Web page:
When I went to investigate a shop in Paris that sells specialist teas, I did not expect to be thrilled. I have sipped the contents of those tricksy wooden boxes. I have been down the Chinese up-market, enthusiastically buying packets with inscrutable text and curious shapes, to drink the tea once and then forget it. I have even become fond of a few. Whittards of Chelsea's Pelham blend is agreeable, and I would make a detour for Taylor of Harrogate's Formosa Island Lapsang Souchong.

But this was just a drop in my personal ocean of fidelity to the coffee bean in all its fascinating forms. Faced with the choice between absolutely any tea and the complex charms of volcanic lava coffee, I had no doubt where my allegiance lay. Until I stepped over the threshold of Mariage Freres's magnificent establishment in the historic Marais quarter of Paris, and entered a scented and seductive world of tea.

The first shock is the attack on one's prejudice. What do the French know about tea, after all? I had swallowed all that guff about the British pre-eminence in all things tea-related. But a mere glimpse of the list on sale at Mariage illustrates that, while we may be a nation of tea-drinkers, we are not knowledgeable about speciality teas. 'We sell about 400 different teas,' says the manager, Mustapha Abdedaim, modestly pointing out that the Chinese identify 2,000 possible types. 'We certainly do not know of any bigger choice of teas in France, but the number of teas is not in itself enough. We choose the rarest teas, those that are the best representatives of their type, and the most interesting ones.'

Scan the Darjeeling section, for example, and you appreciate what he means. There are no fewer than 18 different 'first-flush' (the first and most delicate spring growth) types of Darjeeling, prized for its flowery aromas of muscat grape and green almonds. These represent the pick of the Darjeeling region's top tea gardens. There is Castleton SFTGFOP1 (Special Finest Tippy Golden Flowery Orange Pekoe, 1st quality), growers' shorthand for the part of the tea bush that has been picked. Castleton is legendary among the area's distinguished gardens for its sublime perfume.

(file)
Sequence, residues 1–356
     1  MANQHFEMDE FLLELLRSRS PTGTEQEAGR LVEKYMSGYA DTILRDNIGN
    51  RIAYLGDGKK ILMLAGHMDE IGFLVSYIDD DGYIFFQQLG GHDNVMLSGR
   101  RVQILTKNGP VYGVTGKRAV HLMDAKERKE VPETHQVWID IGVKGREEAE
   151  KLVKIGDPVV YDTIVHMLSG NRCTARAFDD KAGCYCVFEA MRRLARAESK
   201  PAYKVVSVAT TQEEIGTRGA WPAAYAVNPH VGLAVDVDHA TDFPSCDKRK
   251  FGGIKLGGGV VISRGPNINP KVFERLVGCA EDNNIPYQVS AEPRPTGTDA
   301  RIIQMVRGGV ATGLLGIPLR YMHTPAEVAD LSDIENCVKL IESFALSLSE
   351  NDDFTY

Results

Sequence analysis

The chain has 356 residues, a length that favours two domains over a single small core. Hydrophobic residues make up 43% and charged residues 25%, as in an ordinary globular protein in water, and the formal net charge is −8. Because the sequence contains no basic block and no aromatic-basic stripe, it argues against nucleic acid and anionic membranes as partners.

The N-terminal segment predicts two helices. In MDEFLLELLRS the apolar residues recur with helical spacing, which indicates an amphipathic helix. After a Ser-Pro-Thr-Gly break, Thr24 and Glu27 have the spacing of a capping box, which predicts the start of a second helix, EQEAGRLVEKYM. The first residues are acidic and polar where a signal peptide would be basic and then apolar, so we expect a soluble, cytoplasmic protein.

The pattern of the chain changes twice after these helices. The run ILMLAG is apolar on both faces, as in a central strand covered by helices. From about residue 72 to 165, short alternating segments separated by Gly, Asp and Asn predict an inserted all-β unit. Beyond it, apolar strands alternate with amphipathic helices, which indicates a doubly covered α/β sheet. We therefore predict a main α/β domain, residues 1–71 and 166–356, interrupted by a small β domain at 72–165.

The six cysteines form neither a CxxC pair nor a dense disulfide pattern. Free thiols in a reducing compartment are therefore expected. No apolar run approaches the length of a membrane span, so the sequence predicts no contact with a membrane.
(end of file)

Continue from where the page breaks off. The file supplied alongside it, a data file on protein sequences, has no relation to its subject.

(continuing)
It is a sublime price, too, at pounds 24 for 100g; but there are cheaper first flushes, with Bloomfield and Lingia (both SFTGFOP1) offering exceptional high-altitude flavours and scents at pounds 15. Still within the first-flush category, there is a garden such as Soureni (a 'BPS': Broken Pekoe Souchong) where the vigorous lower leaves have been picked - a decent drink from the foothills of the Himalayas for a more affordable pounds 4.50.

First flush over, move on to a solitary 'in-between' picking from Seeyok tea garden. This retains the famous flowery scent, but shows more of the body to come in the further 21 'second-flush' teas. These are picked in the summer, when the tea bushes are showing more vigorous growth, and are prized by tea enthusiasts for their ripe fruit flavours and more rounded and vigorous strength. The second flush teas are not just repetitions. Though some gardens appear on both lists, such as Castleton, the majority do not.

Pride of place among second flushes goes to Jungpana, also a SFTGPOP1, whose fruity-hazelnut flavours cost pounds 30 for 100g.

That is just the Darjeelings. If you want Nuwara Eliya, the classiest Sri Lankan tea, there are five different tea gardens to choose from. And, from Assam, there is another lengthy choice of first and second flushes. Ask for a smoky tea, and you can sniff through pine-smoked Lapsang Souchong Imperial, Grand Lapsang, plain Lapsang, and Terry Souchong, all from China's Fujian province, and then inhale other perfumed teas such as Mariage's Smoky Earl Grey, or another house blend, Zsar Alexandre.

While we are used to one jasmine tea, there are 10 on offer here, from Jasmine Monkey King to Jasmine Mandarin Oolong.